William C. Crawford is a writer and photographer from North Carolina. He longs to become a spokesman for Motel 6.

Sunday, April 24, 2016

Poetry By Michael T. Smith

Michael T. Smith is an Assistant Professor of the Polytechnic Institute at Purdue, where he received his PhD in English in May, 2014.  He teaches classes in the digital humanities, film, business writing, and cross-disciplinary technology courses.  His work has been most recently published in Tau Poetry Journal, Taj Mahal Poetry Journal, Asahi Poetry Journal, Renascance, SONUS, Kinema, and Bright Lights Film Journal.  He has work forthcoming in Symbolism and Cinematic.  He has most recently attend the 2015 CCCC conference in Tampa as well as the 2015 PCA/ACA conference in Arizona.  He will attend the 2016 CCCC conference and 2016 NeMLA conference this year.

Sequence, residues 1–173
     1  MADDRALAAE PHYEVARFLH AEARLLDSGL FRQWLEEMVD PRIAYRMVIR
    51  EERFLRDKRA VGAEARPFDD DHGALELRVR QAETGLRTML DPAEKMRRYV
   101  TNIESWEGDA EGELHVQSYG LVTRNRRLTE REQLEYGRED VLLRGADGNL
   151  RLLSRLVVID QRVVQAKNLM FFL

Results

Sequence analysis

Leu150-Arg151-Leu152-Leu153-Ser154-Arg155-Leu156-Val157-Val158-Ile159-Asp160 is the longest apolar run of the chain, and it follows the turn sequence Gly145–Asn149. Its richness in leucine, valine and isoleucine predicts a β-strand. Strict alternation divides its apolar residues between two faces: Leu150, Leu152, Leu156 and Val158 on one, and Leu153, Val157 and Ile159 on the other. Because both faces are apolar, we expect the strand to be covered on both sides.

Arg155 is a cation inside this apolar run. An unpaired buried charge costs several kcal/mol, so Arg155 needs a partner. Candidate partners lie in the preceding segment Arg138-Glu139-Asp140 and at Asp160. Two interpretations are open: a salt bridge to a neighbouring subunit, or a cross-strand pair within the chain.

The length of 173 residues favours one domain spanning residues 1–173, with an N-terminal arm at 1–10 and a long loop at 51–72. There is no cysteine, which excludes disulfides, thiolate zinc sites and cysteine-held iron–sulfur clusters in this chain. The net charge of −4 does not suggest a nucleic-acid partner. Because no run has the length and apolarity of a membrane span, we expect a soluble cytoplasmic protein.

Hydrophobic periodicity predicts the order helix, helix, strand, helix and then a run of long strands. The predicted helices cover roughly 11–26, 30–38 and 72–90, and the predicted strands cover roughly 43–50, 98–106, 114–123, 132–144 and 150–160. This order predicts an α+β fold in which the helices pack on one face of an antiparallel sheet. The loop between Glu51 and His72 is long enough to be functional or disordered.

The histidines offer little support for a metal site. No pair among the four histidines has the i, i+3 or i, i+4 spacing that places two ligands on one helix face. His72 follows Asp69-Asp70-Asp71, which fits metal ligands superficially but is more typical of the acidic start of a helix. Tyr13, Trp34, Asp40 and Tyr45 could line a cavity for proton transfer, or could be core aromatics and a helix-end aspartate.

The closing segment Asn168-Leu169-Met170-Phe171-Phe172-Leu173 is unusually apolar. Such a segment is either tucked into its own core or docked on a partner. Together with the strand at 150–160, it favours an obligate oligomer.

e.e. cummings: love poem

so-so, Rain’s soft hands scooped up the 

red dog, blue dog, green dog, Sirius fog

Sunflower’s yo-yo, MY OH MY

Words of silence ---tune so loudly 





Origami flowers in beds so long -

(Are you real?)

Plastic X's on a long night sky -

All newspaper particles to the One Day

A vinyl swirl of peanut butter, a love to stay.


The story of life is depressing:
And then you die.
“S/He saved…”
“S/He lied…”
“S/He tried…”
Whatever.  You know what follows 
Past the remou of tradition:
Like a bout o’ piblokto for the cold-hearted
Made of a bonsella of words.
So why narrativize it?
(Maybe life is a poem)
If not to modify the end:
To end the end by an end…

Saturday Night

I was me, which was me for you.
We watched [Censored] TV
(It’s a movie adapted from an e.e. cummings poem)
And ate caramelized fossils from a healthier age…
‘Cause every little thing is littler than a thought.